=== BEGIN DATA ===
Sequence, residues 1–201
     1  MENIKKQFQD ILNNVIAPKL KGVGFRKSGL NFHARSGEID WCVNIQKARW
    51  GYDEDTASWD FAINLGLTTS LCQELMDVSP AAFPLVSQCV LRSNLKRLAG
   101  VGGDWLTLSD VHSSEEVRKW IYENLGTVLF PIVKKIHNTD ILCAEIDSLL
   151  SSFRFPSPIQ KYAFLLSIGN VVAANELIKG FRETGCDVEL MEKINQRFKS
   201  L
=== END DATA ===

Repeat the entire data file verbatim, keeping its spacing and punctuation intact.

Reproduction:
Sequence, residues 1–201
     1  MENIKKQFQD ILNNVIAPKL KGVGFRKSGL NFHARSGEID WCVNIQKARW
    51  GYDEDTASWD FAINLGLTTS LCQELMDVSP AAFPLVSQCV LRSNLKRLAG
   101  VGGDWLTLSD VHSSEEVRKW IYENLGTVLF PIVKKIHNTD ILCAEIDSLL
   151  SSFRFPSPIQ KYAFLLSIGN VVAANELIKG FRETGCDVEL MEKINQRFKS
   201  L